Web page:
Great!  I’ll tell you, we never got that volume out of the organ in our summer chapel services.  But that was because it had to be a small portable organ you could carry up a mountain through the woods.  Foot pumped bellows blowing air through reeds powered it.


Some of the great memories of my childhood were summer chapel in the woods, and one of the most satisfying accomplishments was at fourteen to be part of a crew that build a new chapel on the crest of an Adirondack mountain with a beautiful view of surrounding valleys, lakes, and peaks.


I’ve been fortunate to be in some of the greatest church buildings in the world – in St. Peter’s in Rome, in the Church of the Holy Sepulcher in Jerusalem, in the First Congregational Church in New Milford – but I can tell you that it is hard to find anything that brings you a clearer sense of God’s glory than sitting on a plain log bench wedged in place by a few uncut stones on the slope of a mountain top with a view cleared out in front of you of woods, water, and sky.  


It’s not really fair to compare nature to the work of human hands, of course, for as Jesus said when he preached in the great outdoors on a mountain: Consider the lilies of the field… I tell you, even Solomon in all his glory was not clothed like one of these.


Certainly, if anybody knew about glory it was Solomon.  He was the king of Israel who built the first temple, and it was from his prayer of dedication for that temple that we read this morning.  


"But will God indeed dwell on the earth? (Solomon prayed)   Even heaven and the highest heaven cannot contain you, much less this house that I have built!  Regard your servant's prayer and his plea, O LORD my God, …that your eyes may be open night and day toward this house, the place of which you said, 'My name shall be there,' … Hear the plea of your servant and of your people Israel when they pray toward this place; O hear in heaven your dwelling place; heed and forgive.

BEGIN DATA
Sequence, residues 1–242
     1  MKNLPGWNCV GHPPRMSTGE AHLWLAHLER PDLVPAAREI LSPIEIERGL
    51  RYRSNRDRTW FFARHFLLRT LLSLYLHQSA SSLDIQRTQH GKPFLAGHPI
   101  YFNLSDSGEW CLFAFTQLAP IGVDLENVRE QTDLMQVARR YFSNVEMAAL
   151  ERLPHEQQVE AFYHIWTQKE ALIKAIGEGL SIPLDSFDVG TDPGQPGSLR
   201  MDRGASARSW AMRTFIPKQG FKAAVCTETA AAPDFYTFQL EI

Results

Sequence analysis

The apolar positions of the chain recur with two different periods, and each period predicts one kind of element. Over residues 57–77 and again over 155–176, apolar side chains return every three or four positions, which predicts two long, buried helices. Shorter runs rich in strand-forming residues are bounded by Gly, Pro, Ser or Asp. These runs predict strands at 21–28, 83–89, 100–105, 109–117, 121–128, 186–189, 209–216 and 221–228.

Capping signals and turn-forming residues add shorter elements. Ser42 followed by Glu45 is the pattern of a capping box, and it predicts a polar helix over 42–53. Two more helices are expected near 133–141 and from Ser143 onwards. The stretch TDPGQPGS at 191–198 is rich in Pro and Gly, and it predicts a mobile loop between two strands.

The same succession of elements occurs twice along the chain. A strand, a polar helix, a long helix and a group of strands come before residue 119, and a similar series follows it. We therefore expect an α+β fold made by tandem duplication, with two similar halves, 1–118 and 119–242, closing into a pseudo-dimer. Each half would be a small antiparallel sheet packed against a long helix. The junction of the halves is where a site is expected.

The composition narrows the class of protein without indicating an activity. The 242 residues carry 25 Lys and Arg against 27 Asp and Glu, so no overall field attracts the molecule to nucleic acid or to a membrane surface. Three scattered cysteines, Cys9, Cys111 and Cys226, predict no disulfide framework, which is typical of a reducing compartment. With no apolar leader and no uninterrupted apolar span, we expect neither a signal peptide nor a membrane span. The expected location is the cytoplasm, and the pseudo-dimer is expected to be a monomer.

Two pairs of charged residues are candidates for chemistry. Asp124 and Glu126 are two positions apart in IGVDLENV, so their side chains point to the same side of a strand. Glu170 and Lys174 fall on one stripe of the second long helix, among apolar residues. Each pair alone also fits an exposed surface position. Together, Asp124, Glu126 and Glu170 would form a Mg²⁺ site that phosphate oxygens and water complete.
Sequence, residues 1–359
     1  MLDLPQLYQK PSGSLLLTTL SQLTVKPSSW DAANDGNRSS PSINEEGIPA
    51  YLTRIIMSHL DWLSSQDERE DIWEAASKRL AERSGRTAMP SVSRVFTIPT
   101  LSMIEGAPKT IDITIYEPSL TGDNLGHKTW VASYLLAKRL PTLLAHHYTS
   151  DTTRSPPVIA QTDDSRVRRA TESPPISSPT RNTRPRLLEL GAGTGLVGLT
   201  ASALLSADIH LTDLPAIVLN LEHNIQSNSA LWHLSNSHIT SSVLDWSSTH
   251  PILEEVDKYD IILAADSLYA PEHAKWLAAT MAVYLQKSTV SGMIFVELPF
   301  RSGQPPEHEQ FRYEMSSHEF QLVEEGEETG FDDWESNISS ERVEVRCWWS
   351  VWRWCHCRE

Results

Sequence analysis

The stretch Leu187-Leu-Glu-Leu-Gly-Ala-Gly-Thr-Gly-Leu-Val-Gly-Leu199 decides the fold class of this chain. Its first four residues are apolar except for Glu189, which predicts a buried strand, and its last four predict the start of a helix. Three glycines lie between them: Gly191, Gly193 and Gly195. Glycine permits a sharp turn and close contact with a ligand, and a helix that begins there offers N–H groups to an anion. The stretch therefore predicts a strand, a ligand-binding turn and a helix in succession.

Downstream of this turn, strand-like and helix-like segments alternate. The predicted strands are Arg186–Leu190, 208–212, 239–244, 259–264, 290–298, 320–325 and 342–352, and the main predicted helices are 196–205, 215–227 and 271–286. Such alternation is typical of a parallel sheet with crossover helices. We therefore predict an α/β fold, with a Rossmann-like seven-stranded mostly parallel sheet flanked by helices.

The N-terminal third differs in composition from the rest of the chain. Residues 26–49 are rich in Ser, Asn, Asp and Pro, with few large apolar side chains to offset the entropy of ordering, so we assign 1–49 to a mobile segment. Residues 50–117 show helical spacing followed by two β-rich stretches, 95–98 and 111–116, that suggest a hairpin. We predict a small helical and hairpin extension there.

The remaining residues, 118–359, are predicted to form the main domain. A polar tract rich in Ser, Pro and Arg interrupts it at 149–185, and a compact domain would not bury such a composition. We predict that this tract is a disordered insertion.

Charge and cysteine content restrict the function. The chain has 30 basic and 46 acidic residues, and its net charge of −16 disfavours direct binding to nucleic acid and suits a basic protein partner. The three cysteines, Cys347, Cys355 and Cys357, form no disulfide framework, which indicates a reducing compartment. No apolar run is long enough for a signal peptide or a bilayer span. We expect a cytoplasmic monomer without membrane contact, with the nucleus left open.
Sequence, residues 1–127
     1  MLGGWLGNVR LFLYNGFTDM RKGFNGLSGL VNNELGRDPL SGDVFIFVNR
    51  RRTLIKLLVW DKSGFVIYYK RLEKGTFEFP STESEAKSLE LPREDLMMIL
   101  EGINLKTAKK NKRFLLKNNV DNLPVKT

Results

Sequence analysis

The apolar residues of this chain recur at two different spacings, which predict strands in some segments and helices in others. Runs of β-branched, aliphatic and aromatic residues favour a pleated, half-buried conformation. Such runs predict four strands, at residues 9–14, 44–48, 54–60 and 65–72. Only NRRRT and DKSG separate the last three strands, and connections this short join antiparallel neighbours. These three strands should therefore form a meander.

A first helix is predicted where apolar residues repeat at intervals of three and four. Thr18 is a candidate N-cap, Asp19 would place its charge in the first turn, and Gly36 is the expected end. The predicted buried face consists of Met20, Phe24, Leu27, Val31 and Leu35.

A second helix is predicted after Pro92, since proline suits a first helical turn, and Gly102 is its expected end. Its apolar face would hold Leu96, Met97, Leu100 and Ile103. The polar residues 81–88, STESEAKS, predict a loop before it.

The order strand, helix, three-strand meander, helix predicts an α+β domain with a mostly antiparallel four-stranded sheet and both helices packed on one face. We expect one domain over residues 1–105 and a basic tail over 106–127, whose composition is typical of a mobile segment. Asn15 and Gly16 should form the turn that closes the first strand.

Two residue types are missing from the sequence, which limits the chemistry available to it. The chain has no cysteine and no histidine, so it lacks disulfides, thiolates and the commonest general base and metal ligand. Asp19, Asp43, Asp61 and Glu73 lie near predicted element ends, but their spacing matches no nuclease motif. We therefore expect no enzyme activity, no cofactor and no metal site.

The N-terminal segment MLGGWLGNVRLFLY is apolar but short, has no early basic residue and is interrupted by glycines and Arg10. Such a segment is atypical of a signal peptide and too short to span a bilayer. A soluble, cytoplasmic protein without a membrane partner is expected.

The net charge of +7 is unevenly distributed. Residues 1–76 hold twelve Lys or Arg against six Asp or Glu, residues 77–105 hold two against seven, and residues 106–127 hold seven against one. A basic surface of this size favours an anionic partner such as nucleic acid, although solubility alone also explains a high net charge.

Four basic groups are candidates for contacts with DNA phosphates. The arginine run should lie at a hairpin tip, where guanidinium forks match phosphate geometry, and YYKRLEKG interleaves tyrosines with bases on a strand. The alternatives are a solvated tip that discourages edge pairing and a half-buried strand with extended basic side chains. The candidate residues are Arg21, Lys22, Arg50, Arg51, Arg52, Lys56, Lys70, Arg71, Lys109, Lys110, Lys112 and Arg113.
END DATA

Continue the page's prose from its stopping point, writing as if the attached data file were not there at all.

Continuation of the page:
Solomon may have known that the temple could not contain God, but he also knew that the nation needed a symbol of God’s glory that they could see and touch and visit and inhabit.  They needed it for their religious ritual and for their national pride.  And he gave it to them.  And it served them well - for a time.


You may know that the time came when the temple of Solomon was destroyed, and the city of Jerusalem was sacked, and the people of Israel were sent into exile.  While in exile their worship changed from a focus on temple ritual to Sabbath observance.  If the presence of God could not be approached in a special location, then perhaps it could be approached at a special time.  If the source of the people’s national identity could not be a sacred city, perhaps it could be a sacred day. 


The enemies could destroy the temple, but they could never destroy the Sabbath.


In some ways this was the first transformation of the temple – the transformation from a place to a time.  But a greater transformation was waiting on the horizon.


When the people of Israel made their way back to Jerusalem, the temple was partially resorted, and eventually a second temple was built; it is the remaining western wall of this temple that still stands in Jerusalem today and remains a center of prayer for Jews and others from around the world.


It was this second temple that Jesus knew, and about which he was questioned by a Samaritan woman he met at a well.  It’s an often-quoted exchange:


The woman said to him, … Our ancestors worshiped on this mountain, but you say that the place where people must worship is in Jerusalem." . Jesus said to her, "Woman, believe me, the hour is coming when you will worship the Father neither on this mountain nor in Jerusalem. The hour is coming, and is now here, when the true worshipers will worship the Father in spirit and truth, for the Father seeks such as these to worship him. 24 God is spirit, and those who worship him must worship in spirit and truth."


The place where people worship God will not matter, the time when they do it will not matter – what will matter will be the spirit in which they do it, and their loyalty not to time or place but to truth.


Of course, I don’t know if Jesus ever had in mind that 9:00 in the morning would be a good time to worship.  I think I found a footnote in my Bible that says “Those who worship must worship in Spirit and in Truth at 10:00”


And the revised versions says 10:00 or later!


But I digress – that’s not the point.  The point is that the temple has been transformed now from an exterior structure to an interior attitude.  It is no longer a place, it is no longer a time, it is no longer a source of identity for a single nation. 


Now it is a conversion of the heart that binds nation to nation, that brings forgiveness and peace between peoples, that redeems the glory of God from the pride of kings and priests and entrusts it to the hearts of the blessed poor in spirit, the blessed who mourn, the blessed meek, and those who hunger and thirst for righteousness; the merciful, the pure in heart, the peacemakers, and those who are persecuted for righteousness' sake.